In an atmosphere more tense than Griffindor-Slytherin Quidditch final, China and Japan's ambassadors are battling out their country's differences in the columns of the British press - with both sides comparing each other to Harry Potter villain Lord Voldemort.
Central to the fears of renewed conflict between the world's second and third largest economies are the Senkaku islands and their mineral resources, administered by Japan but claimed by China where they are known as the Diaoyu.
This has been compounded by anger in China over a visit by Japan's prime minister, Shinzo Abe to a controversial shrine to the country's war dead, including several generals accused of war crimes.
Abe said he had no intention for the visit to be taken as a sign of defiance of war guilt or of Japanese militarism, but to make a vow of pacifism.
Liu Xiaoming, the Chinese ambassador to London, said Beijing was not for one moment convinced, and accused him of "raising the spectre of militarism".
In a blistering broadside in the Daily Telegraph, Liu wrote: "In the Harry Potter story, the dark wizard Voldemort dies hard because the seven horcruxes, which contain parts of his soul, have been destroyed.
"If militarism is like the haunting Voldemort of Japan, the Yasukuni shrine in Tokyo is a kind of horcrux, representing the darkest parts of that nation's soul."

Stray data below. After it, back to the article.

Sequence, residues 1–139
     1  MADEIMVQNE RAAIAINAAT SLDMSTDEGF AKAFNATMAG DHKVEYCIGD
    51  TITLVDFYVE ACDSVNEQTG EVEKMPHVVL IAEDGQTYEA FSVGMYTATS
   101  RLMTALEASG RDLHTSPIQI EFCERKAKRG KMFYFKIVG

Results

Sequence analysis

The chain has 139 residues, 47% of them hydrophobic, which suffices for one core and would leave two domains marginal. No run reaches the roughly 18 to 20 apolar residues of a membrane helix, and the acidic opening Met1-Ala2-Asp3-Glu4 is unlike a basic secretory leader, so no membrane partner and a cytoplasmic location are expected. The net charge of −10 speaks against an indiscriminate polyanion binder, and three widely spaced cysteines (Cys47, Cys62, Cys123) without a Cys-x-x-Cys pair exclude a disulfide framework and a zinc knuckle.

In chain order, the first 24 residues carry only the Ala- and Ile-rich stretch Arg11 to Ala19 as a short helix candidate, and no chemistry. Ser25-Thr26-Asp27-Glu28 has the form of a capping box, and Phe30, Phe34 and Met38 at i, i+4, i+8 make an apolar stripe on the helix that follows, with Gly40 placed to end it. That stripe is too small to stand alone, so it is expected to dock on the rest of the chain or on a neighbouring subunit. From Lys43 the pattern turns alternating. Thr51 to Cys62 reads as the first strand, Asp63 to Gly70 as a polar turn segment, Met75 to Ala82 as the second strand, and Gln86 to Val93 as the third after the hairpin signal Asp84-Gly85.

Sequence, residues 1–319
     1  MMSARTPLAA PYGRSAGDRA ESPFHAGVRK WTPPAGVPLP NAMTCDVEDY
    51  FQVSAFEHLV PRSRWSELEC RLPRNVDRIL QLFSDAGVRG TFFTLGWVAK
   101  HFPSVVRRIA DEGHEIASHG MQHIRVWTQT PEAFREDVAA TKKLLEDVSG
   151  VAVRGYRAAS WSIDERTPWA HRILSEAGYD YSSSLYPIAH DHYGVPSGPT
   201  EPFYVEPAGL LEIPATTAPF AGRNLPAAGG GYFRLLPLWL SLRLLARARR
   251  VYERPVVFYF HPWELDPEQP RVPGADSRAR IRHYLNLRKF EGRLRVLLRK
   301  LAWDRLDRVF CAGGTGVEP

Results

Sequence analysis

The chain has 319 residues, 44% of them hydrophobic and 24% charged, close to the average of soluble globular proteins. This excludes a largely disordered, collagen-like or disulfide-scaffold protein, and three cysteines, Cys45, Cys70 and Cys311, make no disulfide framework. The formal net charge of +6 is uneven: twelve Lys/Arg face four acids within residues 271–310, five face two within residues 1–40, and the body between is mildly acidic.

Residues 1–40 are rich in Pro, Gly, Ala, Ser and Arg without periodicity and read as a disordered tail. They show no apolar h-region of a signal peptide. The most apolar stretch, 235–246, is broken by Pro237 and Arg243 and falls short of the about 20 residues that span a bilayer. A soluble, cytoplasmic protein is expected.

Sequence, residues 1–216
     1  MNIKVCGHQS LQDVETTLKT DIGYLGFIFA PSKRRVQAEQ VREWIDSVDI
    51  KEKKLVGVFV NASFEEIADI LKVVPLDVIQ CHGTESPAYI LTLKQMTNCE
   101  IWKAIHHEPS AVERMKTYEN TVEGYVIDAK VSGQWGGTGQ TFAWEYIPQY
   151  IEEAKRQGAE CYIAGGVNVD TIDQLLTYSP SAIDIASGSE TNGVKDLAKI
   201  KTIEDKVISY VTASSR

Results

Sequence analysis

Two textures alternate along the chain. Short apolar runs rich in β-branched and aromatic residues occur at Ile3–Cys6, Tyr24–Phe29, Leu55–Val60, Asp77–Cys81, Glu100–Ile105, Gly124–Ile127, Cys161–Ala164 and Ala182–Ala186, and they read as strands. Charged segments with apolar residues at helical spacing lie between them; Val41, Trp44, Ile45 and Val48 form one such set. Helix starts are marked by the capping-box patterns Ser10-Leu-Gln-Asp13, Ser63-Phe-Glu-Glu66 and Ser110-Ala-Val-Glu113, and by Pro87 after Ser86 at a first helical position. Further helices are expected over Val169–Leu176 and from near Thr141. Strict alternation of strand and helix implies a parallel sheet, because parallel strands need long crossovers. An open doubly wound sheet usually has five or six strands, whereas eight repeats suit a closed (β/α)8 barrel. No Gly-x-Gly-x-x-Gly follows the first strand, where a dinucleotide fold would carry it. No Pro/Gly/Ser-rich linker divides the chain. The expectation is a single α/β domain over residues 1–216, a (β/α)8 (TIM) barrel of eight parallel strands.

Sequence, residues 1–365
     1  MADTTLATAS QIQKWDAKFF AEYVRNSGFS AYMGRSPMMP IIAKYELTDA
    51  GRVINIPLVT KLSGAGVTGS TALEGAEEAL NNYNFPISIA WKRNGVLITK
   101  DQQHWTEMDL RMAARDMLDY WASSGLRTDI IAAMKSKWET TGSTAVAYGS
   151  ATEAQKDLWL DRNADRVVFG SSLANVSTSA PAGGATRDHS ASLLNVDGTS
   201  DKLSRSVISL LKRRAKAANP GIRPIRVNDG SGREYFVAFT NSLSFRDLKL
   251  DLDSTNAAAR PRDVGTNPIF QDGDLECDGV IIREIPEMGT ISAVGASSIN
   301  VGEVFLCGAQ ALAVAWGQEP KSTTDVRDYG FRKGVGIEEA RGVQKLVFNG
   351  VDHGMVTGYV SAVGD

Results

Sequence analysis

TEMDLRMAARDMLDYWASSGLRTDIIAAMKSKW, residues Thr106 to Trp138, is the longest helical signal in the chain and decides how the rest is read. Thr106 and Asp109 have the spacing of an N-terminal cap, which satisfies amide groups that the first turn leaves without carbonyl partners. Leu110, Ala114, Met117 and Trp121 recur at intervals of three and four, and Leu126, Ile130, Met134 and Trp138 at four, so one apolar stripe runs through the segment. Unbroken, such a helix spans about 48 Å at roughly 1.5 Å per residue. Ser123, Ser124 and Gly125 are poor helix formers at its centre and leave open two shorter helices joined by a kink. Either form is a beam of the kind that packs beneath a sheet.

"China and Britain were wartime allies," he continued. "Our troops fought shoulder to shoulder against Japanese aggressors and made enormous sacrifices. Sixty-eight years have passed since that horrible war. Yet there are always some incorrigible people in Japan who show no signs of remorse for war crimes.
"Instead, they seek to reinterpret history. They pose a serious threat to global peace. The Chinese will not allow such attempts. I am sure British and all other peace-loving folk will not remain indifferent."
No, said Japan's ambassador to Britain, it is China who are way more like Lord Voldemort.
Writing in the Daily Telegraph on Monday, Keiichi Hayashi said China was attempting a complete power shift in the Asia-Pacific region.
"There are two paths open to China. One is to seek dialogue, and abide by the rule of law.
The other is to play the role of Voldemort in the region by letting loose the evil of an arms race and escalation of tensions, although Japan will not escalate the situation from its side.
"The answer seems obvious. Although China has so far refused to enable dialogue between our leaders, I sincerely hope that it will come forward, rather than keep invoking the ghost of militarism of seven decades ago, which no longer exists."
It's not actually the first time analogies between China's foreign policy and Harry Potter have been made. In a far more flattering comparison, London Mayor Boris Johnson joked on a visit to the country that Britain and China had a relationship like Harry Potter and Cho Chang.
"Who in English literature is the most famous student? Who is the most famous student in contemporary British writing, would you say? I will give you a clue - he sometimes has a wand... Harry Potter," he said in a speech to students at Beijing University.
He then quizzed students: "Where does the train go from which Harry Potter has to catch to go to his school? King's Cross, absolutely right, which is where? London.
"And who according to JK Rowling, the author of the Harry Potter novels, was Harry Potter's first girlfriend? Who is the first person he kisses? That's right, Cho Chang - who is a Chinese overseas student at Hogwarts school.
"Ladies and gents I rest my case. I don't think I need to argue any further, that is the future of Britain and of London."